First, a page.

‘Many receive advice, only the wise profit from it’ – Harper Lee
Are you a new parent? The above quote would resonate with you as you receive all sorts of advice from family, friends and other people. Since you are beginning to understand the nuances involved in successfully raising a child, helpful tips and advice would benefit you a great deal. However, not all advice is welcome or beneficial in your parenting journey. This brings us to the next question: How do we deal with parenting advice? How do we decide what’s good for us and which ones we ignore?
Amid tackling a growing child and the additional responsibilities that come with it, it does get a little overwhelming when a barrage of suggestions comes to you from different directions. However, it is easy to deal with parenting advice, take in the useful and weed out the unnecessary. Here are some easy ways to handle them.
Once you become a parent, you are in for a long parenting journey that lasts over 15 years. You would naturally want to educate yourself in all the ways you can so that your child is brought up in the best way possible.
Refer to a variety of sources – including books, the internet and also seek the advice of experienced parents who positively impact you. In fact, such experienced parenting influencers on social media can be a good source of parenting tidbits. When you educate yourself, you can understand which external advice aligns better with your positive parenting goals.
Questions like “Do I want to be an authoritative parent or adopt a more friendly approach? Will my child have behaviour issues if I have fewer rules?” would fill your mind as you look for your unique parenting style.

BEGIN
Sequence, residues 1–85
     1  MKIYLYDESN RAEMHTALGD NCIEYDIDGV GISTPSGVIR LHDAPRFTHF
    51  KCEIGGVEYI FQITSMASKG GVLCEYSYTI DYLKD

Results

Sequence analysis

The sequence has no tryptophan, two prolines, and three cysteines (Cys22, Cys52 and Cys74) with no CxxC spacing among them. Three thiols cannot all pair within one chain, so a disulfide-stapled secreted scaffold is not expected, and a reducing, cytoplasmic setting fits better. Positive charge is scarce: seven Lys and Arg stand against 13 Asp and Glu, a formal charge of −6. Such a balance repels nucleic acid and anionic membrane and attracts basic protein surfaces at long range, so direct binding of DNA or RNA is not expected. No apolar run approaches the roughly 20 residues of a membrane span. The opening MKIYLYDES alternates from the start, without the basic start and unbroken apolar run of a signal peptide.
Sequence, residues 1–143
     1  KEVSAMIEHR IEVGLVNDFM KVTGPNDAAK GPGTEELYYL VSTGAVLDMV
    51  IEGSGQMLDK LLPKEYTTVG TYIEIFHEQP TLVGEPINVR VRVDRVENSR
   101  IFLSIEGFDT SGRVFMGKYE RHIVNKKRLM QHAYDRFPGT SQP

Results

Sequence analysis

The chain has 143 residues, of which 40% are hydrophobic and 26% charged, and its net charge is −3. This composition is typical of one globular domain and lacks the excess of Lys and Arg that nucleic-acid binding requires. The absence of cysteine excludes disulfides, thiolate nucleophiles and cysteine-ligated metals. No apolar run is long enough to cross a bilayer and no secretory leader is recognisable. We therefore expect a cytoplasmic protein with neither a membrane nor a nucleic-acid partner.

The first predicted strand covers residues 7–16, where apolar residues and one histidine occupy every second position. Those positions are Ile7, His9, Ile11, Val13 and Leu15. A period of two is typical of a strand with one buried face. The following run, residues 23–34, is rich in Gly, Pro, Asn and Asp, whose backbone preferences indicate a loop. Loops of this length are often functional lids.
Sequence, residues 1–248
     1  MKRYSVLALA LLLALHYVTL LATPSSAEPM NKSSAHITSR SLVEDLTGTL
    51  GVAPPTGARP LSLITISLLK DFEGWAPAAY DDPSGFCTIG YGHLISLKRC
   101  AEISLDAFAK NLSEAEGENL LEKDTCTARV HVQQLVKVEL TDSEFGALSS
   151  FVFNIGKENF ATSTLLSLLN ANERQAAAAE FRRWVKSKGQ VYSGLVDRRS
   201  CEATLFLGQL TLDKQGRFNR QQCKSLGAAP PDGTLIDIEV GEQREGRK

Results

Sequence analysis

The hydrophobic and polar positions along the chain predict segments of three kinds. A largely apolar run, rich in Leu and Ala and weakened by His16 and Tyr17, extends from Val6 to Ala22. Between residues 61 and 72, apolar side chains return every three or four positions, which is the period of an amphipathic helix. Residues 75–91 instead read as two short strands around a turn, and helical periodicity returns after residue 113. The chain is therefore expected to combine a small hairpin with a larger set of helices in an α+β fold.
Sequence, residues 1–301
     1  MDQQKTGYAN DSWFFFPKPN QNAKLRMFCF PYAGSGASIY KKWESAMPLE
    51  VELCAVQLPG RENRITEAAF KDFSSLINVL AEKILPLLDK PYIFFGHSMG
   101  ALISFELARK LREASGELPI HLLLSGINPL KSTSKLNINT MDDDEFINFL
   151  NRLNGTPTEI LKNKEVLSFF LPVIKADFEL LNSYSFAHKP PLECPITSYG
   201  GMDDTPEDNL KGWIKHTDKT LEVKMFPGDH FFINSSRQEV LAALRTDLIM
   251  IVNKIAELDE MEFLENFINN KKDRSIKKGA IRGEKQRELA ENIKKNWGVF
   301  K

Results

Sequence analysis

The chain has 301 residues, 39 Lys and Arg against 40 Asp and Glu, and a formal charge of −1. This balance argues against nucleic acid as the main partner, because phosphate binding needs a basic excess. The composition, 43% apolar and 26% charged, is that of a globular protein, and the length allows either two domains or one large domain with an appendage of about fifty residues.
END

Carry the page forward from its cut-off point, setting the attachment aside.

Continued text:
After exhaustive research and perhaps some trials and errors, you will reach the parenting choices that you stick to with confidence. As a result, regardless of the external advice you receive, you can make an informed decision on how to parent your child. When you are confident with your style of parenting, you are less affected by the opinions you come across.
Not everyone looks forward to external parenting tips. In fact, some studies show that 50% of parents look up to their immediate family and partners for guidance.
If you also prefer to consult a specific, trusted few for advice, you can agree to disagree with the rest of them. A polite reply could be, “We will let you know if we implement your advice” or “We don’t know if this will suit our child” to keep the unsolicited comments at bay.
Credible sources of information can be doctors or experts in nutrition, pediatricians, or trusted websites on the internet. When you receive any advice and are unsure if it will benefit your child, you can refer to your bank of credible resources to verify if their tips would work. Even if they don’t align with your goals, you can quote information from a reliable source to counter their advice with authentic facts.
As we mentioned earlier in this article, parenting tips comes from several people. Among them, some may insist harder than the others to consider their suggestions. Sometimes, it might be good to follow harmless, well-meaning advice even if you wish not to. When you already have a lot of hats to don and boxes to check, it might be an uphill battle to tackle unsolicited advice. If it benefits the child, it’s better to follow the suggestions and focus on how it works. However, if you feel otherwise, you can calmly explain why your friend’s or acquaintance’s advice doesn’t work for your child.
Now that you know of a few ways to deal with parenting advice, do share with us in the comments if you have any more suggestions.
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Aparna is a mom, singer and dreamer. At BYJU'S, she writes stories about learning for children. She believes in the power of music, especially ghazal, the magic of the universe and happy learners. When not writing or singing, you will find her intensely engaged in conversations about life and the power of words.
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